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Tip: To sort articles by year…

PEP-Web Tip of the Day

After you perform a search, you can sort the articles by Year. This will rearrange the results of your search chronologically, displaying the earliest published articles first. This feature is useful to trace the development of a specific psychoanalytic concept through time.

For the complete list of tips, see PEP-Web Tips on the PEP-Web support page.

Goldberg, S.H. (1990). Contemporary Psychoanalysis. XXIII, 1987: The Interpersonal and the Intrapsychic: Conflict or Harmony. Michael Franz Basch. Pp. 367-381.. Psychoanal Q., 59:333-333.
Psychoanalytic Electronic Publishing: Contemporary Psychoanalysis. XXIII, 1987: The Interpersonal and the Intrapsychic: Conflict or Harmony. Michael Franz Basch. Pp. 367-381.

(1990). Psychoanalytic Quarterly, 59:333-333

Contemporary Psychoanalysis. XXIII, 1987: The Interpersonal and the Intrapsychic: Conflict or Harmony. Michael Franz Basch. Pp. 367-381.

Steven H. Goldberg

The author argues in favor of a unitary theory of psychotherapy, decrying the splintering of our field into various schools of thought. He believes that the dual instinct theory and the notion of the centrality of the oedipus complex are no longer adequate or viable models. He sees the brain as an "information-processing, not an energy-discharging organ." Its function is to create order and meaning from the myriad stimuli impinging upon it, a capacity that results in feelings of competence, which the author sees as the basis for self-esteem and the central motivation underlying human behavior. The therapist's task is to evaluate the patient's failure to achieve competence and to maintain self-esteem, and to assist the patient to "repair the damage and, if possible, to permit development to resume." The author views the intrapsychic and the interpersonal as two indissolubly linked perspectives, which he believes Kohutian theory is capable of uniting, in its emphasis upon the impact of the caretakers' ministrations upon the "unconscious expectation(s) that then guide future behavior." Specific forms of psychopathology are viewed as derivative of specific stages during which empathic failures occurred, and may be understood in terms of the defenses that are attendant upon such empathic failures. Several clinical vignettes are presented, representing different categories of pathology, in which the author feels that his interventions focused on the patient's difficulties, without slighting either intrapsychic or interpersonal reality.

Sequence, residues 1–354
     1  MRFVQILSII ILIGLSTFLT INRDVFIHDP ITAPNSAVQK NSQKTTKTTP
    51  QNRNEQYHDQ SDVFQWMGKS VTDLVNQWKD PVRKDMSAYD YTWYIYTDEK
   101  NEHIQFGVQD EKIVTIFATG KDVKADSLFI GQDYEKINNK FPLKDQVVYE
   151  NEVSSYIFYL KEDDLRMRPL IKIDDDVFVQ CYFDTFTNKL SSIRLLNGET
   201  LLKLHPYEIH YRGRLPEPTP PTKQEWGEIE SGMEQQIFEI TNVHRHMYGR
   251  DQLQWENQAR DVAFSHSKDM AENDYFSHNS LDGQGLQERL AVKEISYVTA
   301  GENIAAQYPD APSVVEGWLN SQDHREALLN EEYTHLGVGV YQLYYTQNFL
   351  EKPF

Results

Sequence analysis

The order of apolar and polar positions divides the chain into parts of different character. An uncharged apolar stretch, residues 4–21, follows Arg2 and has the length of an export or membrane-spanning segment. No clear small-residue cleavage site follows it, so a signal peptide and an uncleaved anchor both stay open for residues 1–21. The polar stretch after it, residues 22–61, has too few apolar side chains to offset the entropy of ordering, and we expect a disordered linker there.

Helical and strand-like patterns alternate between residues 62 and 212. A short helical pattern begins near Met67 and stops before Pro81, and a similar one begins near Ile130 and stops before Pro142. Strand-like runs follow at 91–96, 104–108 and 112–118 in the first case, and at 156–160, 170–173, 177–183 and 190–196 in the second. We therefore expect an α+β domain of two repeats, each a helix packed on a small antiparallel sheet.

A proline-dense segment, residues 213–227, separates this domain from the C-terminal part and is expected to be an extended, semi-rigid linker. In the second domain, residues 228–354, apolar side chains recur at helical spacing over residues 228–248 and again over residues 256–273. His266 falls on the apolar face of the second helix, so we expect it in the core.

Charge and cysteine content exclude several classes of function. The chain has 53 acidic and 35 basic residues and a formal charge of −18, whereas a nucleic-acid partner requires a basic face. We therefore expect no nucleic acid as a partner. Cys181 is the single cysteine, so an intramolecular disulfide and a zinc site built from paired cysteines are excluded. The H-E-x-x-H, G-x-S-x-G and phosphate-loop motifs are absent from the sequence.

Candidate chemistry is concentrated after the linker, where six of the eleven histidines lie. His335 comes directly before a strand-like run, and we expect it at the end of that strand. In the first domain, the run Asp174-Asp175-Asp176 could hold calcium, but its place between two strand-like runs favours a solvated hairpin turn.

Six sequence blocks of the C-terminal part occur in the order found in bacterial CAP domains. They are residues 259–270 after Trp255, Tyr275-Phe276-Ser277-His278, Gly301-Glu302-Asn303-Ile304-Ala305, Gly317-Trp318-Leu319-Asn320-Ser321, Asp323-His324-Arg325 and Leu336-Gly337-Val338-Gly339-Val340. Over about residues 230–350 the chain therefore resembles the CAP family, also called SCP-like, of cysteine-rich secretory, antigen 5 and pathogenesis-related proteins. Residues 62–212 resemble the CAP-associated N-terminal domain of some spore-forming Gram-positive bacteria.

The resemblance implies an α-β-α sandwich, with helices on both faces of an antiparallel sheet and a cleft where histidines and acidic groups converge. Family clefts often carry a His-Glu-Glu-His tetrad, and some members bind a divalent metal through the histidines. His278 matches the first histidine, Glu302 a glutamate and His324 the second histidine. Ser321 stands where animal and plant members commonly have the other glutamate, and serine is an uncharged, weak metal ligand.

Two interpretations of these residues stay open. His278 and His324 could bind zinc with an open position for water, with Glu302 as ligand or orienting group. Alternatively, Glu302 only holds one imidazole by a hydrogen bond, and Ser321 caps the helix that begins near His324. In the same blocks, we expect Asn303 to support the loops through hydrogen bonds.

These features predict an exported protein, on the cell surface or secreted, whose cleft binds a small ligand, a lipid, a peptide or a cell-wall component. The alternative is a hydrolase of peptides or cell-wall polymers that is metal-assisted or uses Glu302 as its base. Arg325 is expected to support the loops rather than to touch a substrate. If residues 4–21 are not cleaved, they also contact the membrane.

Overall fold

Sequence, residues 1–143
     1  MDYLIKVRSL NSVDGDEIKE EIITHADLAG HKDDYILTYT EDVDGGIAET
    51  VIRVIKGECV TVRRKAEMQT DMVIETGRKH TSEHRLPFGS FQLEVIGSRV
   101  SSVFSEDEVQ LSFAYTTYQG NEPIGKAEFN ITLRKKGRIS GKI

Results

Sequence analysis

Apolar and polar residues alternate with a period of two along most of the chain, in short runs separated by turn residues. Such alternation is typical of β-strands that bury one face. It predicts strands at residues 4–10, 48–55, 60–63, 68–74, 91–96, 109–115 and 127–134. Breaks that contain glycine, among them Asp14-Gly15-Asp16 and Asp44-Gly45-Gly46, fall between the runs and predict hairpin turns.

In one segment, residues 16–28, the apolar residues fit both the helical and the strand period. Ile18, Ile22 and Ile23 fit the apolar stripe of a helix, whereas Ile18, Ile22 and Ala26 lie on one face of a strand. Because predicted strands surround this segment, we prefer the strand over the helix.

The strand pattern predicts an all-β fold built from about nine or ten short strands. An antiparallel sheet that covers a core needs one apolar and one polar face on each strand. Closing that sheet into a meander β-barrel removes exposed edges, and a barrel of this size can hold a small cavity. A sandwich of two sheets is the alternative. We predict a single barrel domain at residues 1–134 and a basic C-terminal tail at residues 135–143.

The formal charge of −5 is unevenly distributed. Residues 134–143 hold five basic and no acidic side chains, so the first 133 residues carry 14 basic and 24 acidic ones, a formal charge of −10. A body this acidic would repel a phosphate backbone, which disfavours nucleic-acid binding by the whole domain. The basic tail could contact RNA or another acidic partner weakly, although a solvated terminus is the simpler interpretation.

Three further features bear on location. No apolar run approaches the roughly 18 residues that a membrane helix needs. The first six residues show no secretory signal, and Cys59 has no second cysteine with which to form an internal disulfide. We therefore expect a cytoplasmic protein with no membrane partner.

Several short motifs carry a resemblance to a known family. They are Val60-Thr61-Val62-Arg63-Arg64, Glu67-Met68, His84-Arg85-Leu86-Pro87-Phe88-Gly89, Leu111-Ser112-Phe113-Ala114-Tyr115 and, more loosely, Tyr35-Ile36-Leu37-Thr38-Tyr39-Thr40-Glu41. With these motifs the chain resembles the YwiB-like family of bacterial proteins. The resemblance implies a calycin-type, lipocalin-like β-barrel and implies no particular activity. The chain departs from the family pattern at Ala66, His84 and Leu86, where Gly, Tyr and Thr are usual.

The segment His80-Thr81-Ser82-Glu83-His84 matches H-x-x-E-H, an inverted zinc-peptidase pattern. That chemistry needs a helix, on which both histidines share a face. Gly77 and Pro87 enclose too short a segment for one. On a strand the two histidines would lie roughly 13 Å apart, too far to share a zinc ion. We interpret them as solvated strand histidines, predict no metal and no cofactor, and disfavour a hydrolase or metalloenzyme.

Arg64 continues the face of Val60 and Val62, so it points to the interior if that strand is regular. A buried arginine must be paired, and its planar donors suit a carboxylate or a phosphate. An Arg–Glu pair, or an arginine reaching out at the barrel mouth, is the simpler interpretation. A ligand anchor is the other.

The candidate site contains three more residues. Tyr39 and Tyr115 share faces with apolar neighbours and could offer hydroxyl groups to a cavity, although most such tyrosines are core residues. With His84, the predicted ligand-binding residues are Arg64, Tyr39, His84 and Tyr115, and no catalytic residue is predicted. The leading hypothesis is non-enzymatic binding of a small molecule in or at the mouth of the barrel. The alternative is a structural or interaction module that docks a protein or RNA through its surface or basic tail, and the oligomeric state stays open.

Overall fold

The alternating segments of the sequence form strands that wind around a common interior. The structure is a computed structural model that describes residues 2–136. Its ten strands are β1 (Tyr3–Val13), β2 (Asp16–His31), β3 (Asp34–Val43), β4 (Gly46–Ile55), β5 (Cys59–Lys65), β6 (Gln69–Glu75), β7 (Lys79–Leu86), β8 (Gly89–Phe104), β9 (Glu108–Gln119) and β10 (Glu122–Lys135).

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Article Citation

Goldberg, S.H. (1990). Contemporary Psychoanalysis. XXIII, 1987. Psychoanal. Q., 59:333-333

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